Is it remotely possible that we might have done the same with God? Is it potentially possible that we have lost our fascination for the amazing act of love demonstrated in Jesus dying on a cross? Could we have begun to take for granted the fact that the One who holds the waters of the sea in the palm of His hands is the same one that calls us His own. Or are we blinded to the fact that the creator of the heavens and the earth (the One responsible for revolutions and rotations and coruscating stars) is actually our Father? If we are, it’s as a result of inatentional blindness. We’ve stopped seeing the wonder of His love and creation and, like we do with the astronauts walking 380 miles above us, we take Him for granted. If, as you read this, you can honestly say that shoe fits you… don’t wear it. Take it off and fall in love all over again with the Lover of your soul. Determine that from today you will give Him your full and undivided attention, so that you can again be fascinated by the wonders of His love and creation.

Tuesday, May 12, 2009

Boombox Christians in an Ipod age

Every church age has its critics. When the church was birthed on the Day of Pentecost, Peter and the Disciples were accused of being inebriated. The people observing them couldn’t understand the phenomenon of unlearned tongues being spoken by unlearned men. “What is this new doctrine?” the people asked. Through the ages people have always tried to build “sacred cows” and attribute more value to them than the actual message of the Gospel. Consider music as an example. 19th century Christians were convinced that hymns and the pipe organ were what brought down the ‘anointing’ of God. As the century turned people began to introduce guitars, drums, keyboards and other modern instruments into worship. A segment of the church called this heretical and declared that God could not be honored by this wanton display of ‘worldliness.’

The method was assigned as much value as the message and many people were convinced that the Christian subculture needed to stay away from anything that smelled remotely secular in its application. It never occurred to these people that as generations pass, the value of our message is strengthened by the vehicle that’s used to convey it. Relevant is not a four letter word, contrary to the opinion of many of the so called ‘purists.’ Can you imagine applying for a job in today’s world and when asked if you have any computer skills you reply “No, but I’ve got great typewriter skills.” Your typewriter skills are useless in a world that’s run by microchips and ipods. You may indeed have superior knowledge and abilities, but without the relevant vehicle to convey your skills, they are redundant. It's tantamount to being a boombox Christian in an ipod age.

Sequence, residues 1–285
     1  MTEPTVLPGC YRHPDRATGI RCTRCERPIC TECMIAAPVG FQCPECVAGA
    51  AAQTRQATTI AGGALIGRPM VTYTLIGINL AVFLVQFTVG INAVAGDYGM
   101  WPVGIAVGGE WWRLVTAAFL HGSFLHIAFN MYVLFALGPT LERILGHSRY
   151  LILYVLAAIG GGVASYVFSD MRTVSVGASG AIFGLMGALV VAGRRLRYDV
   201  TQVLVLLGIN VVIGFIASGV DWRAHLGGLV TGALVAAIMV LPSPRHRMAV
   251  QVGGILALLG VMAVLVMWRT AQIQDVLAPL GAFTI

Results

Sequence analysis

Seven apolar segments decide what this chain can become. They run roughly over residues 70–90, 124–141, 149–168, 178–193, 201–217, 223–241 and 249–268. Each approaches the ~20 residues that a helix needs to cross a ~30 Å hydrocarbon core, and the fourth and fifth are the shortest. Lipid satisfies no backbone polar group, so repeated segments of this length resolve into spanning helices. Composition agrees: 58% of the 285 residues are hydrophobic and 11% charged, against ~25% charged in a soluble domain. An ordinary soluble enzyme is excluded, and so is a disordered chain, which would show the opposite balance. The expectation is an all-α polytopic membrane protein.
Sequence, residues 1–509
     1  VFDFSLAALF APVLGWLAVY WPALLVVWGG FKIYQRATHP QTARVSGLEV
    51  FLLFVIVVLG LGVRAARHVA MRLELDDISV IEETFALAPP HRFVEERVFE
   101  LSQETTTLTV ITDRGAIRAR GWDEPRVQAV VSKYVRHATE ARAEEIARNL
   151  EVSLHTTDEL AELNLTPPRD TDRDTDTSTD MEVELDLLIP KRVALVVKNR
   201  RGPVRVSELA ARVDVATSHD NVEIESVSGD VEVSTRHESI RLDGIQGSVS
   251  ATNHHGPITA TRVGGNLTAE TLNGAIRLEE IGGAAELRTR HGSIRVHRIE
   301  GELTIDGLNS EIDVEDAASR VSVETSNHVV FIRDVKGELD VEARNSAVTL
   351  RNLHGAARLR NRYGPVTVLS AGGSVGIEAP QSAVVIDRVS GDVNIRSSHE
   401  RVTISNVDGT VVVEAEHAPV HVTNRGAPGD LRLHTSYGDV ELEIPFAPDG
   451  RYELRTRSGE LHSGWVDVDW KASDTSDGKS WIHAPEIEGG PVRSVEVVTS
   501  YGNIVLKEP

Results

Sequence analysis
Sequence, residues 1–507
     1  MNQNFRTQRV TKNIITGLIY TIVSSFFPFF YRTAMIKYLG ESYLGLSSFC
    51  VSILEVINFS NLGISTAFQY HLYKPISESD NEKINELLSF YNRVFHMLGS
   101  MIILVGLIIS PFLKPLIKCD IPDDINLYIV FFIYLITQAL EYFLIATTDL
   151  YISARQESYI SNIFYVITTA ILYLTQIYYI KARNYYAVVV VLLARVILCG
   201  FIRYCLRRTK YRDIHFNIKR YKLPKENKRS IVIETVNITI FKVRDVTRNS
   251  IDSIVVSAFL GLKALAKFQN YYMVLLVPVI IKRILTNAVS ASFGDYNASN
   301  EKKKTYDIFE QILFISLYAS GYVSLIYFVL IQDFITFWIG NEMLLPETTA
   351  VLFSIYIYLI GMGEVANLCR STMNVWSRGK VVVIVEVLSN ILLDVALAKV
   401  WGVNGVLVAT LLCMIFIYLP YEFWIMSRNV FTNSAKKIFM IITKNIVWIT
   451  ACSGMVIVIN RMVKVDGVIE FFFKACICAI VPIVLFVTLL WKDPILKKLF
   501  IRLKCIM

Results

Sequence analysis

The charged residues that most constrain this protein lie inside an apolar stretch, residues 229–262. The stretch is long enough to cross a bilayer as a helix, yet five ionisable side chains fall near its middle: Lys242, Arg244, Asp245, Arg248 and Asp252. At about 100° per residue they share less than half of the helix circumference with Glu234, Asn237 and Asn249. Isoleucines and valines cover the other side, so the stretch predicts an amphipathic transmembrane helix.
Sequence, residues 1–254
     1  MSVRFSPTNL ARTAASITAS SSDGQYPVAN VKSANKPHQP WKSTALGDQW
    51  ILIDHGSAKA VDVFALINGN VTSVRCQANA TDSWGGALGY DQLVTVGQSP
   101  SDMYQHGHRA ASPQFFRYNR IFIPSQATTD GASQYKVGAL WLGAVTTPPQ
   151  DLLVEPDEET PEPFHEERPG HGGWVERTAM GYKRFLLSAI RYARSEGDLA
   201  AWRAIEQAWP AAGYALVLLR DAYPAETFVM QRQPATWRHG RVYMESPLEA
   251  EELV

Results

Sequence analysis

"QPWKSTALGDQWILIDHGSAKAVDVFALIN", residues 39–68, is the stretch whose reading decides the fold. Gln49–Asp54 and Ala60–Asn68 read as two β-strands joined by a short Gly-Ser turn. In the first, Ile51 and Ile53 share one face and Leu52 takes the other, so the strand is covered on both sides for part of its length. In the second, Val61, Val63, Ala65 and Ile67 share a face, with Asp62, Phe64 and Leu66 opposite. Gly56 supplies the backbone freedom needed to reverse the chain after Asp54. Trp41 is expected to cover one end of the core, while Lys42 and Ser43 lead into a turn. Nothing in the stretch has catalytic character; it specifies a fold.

The message of the Cross is timeless. However, we are not! This means that the methods that worked when our fathers were preaching the Gospel are by no means sacrosanct. One of the critical values for a church that’s trying to impact their community is the ability to speak the language of the people they’re trying to reach. Like many others who are questioning the effectiveness of our methods of ‘doing church’ and consequently challenging the status quo, I have faced my own fair share of criticism. I’ve been called seeker-sensitive, emergent, watered-down, and numerous other monikers that were not meant to be complimentary. I choose to interpret them as compliments. Jesus said He came to seek and save those who are lost. I guess that makes Him seeker sensitive and puts me squarely in the midst of phenomenal company.